In medicine, COBRA has been used as a tool to help diagnose human disease involving aberrant DNA methylation. Researchers utilized COBRA in conjunction with denaturing high performance liquid chromatography in the diagnosis of the genetic imprinting disorder Russell-Silver syndrome where hypomethylation of the imprinted gene H19 is responsible for the disorder in up to 50% of patients.[8]


  • Simple, fast and inexpensive: In COBRA, DNA methylation levels are easily and quickly measured without the need for laborious sub-cloning and sequencing, as with bisulfite sequencing. The assay is straight-forward and can be done with standard inexpensive molecular biology reagents.
  • High compatibility: Due to the PCR and purification steps, the method not only works with very small amounts of genomic DNA, but also samples that have been treated with paraffin, both of which can be problems in other DNA methylation quantification protocols such as Southern blotting and methylation-sensitive restriction enzyme digestion followed by PCR.
  • Quantitative: This is in contrast to methylation-specific PCR, which is qualitative. With COBRA, DNA methylation levels can be directly quantified at a given locus, yielding more information per assay.
  • Scalability for high-throughput sample processing: With COBRA, many regions of interest can be processed in parallel in separate samples digested with the same restriction enzyme. This is in contrast to bisulfite sequencing analysis, where each region needs to be examined rigorously by sequencing many clones per locus, costing more time.
  • Multiple queries per assay: Methylation status can be interrogated at multiple CpG-containing restriction sites in a single digestion assay.


  • The assay is limited to using existing restriction sites in the region of interest, and methylation that does not occur in the context of a specific restriction site will not be assayed.
  • Incomplete digestion by restriction enzymes after PCR can confound the analysis: incomplete digestion would suggest lack of DNA methylation (if cutting with a methylation-sensitive enzyme such as HpaII). It is also known that BstUI can cut at uncoverted sites, leading to overestimation of methylation levels and so the use of HpaII is often needed.[9]
  • In complex samples, cell-type heterogeneity can confound the analysis since the DNA is not being sequenced, heterogeneity in sequences from different cells in the sample (i.e. different cell populations within a tumor) that have acquired mutations in the interrogated region, such as changing the CG dinucleotide to CA or CT, would result in loss of the restriction site giving rise to an apparently methylated region due to lack of digestion. This would skew the quantification of DNA methylation levels in a given sample.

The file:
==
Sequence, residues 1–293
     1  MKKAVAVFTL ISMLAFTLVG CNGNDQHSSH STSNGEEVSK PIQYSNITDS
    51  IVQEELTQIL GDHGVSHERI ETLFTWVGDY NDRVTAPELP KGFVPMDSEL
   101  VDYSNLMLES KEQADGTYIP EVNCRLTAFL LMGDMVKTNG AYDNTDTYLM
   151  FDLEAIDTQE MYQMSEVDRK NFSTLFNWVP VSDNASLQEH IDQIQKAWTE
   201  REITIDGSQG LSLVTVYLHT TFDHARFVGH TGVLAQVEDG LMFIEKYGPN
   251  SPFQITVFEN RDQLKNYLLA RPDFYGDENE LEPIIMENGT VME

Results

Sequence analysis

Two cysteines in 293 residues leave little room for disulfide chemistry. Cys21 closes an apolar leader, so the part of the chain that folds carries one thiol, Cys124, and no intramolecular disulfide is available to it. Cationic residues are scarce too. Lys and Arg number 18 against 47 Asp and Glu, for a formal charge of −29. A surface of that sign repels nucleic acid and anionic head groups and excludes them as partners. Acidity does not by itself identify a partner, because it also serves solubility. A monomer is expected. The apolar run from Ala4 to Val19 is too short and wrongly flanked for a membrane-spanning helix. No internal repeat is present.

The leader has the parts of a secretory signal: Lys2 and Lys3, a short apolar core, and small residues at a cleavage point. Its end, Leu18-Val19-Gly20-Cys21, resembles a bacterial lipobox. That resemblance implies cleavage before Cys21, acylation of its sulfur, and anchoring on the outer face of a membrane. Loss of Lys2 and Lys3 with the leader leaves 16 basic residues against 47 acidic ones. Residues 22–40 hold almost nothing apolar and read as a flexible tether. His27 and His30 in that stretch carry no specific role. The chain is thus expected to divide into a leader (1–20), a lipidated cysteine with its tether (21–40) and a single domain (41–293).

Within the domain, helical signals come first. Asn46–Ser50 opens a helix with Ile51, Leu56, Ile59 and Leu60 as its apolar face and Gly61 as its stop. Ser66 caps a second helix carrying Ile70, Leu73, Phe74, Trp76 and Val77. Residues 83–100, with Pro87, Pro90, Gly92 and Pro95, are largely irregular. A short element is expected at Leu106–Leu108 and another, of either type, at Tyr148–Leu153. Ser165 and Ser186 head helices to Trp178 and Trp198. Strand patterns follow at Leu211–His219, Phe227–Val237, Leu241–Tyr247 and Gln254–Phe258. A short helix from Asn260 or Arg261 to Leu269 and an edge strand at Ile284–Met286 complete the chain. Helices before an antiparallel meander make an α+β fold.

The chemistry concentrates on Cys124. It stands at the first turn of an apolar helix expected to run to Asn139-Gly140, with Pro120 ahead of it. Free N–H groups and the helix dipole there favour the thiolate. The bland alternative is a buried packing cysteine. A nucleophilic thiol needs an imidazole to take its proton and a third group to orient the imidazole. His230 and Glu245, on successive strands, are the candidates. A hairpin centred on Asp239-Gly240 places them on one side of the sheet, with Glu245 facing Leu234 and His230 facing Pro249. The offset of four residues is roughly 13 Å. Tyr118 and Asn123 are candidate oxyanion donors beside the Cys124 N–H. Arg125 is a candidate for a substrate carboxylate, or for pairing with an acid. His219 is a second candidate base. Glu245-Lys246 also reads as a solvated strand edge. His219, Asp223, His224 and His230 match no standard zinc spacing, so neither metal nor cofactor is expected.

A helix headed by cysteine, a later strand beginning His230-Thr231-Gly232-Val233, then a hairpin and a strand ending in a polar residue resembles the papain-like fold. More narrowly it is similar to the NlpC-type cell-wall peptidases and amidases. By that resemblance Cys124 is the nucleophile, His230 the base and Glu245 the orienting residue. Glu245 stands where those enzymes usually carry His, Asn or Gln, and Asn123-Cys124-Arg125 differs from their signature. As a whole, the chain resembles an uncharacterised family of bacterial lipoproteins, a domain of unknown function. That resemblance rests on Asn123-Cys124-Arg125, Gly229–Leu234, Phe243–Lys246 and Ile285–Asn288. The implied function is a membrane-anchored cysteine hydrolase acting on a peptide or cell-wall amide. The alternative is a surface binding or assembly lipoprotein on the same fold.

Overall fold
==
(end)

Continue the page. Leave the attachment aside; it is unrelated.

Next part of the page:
In general, COBRA is often combined with other DNA methylation analyses and is frequently used in the initial screening of a loci of interest. If COBRA suggests altered methylation patterns, then more rigorous, labor-intensive techniques can be applied, such as bisulfite sequencing or MeDIP.


  1. ^ Xiong, Zhenggang; Laird, Peter W. (1997). "COBRA: a sensitive and quantitative DNA methylation assay". Nucleic Acids Research 25 (12): 2532–2534. doi:10.1093/nar/25.12.2532. 
  2. ^ Laird, Peter W. (2003). "The power and the promise of DNA methylation markers". Nature Reviews Cancer 3 (April): 253–266. doi:10.1038/nrc1045. PMID 12671664.  This paper had 576 references as of February 2–11, according to Scopus
  3. ^ Shen, Lanlan; et al. (2005). "MGMT Promoter Methylation and Field Defect in Sporadic Colorectal Cancer". Journal of the National Cancer Institute 97 (18): 1330–1338. 
  4. ^ Suter, Catherine, M.; et al. (2004). "Germline epimutation in MLH1 in individuals with multiple cancers". Nature genetics 36 (5): 497–501. doi:10.1038/ng1342. 
  5. ^ Bliek, Jet; et al. (2009). "Hypomethylation at multiple maternally methylated imprinted regions including PLAGL1 and GNAS loci in Beckwith–Wiedemann_syndrome, and characterizing DNA methylation patterns in the genome during development in mammals". European Journal of Human Genetics 17 (5): 611–618. doi:10.1038/ejhg.2008.233. 
  6. ^ Wernig, Marius; et al. (2007). "In vitro reprogramming of fibroblasts into a pluripotent ES-cell-like state". Nature 448: 318–324. doi:10.1038/nature05944. 
  7. ^ Mikkelsen, Tarjei S.; et al. (2008). "Dissecting direct reprogramming through integrative genomic analysis". Nature 454 (July): 49–56. doi:10.1038/nature07056. 
  8. ^ Hattori, M.; et al. (2009). "Diagnosis of Russell-Silver syndrome by the combined bisulfite restriction analysis-denaturing high-performance liquid chromatography assay". Genetic testing and molecular biomarkers 13 (5): 623–630. 
  9. ^ Fraga, Mario F.; Esteller, Manel (2002). "DNA Methylation: A Profile of Methods and Applications". Biotechniques 33: 633–649.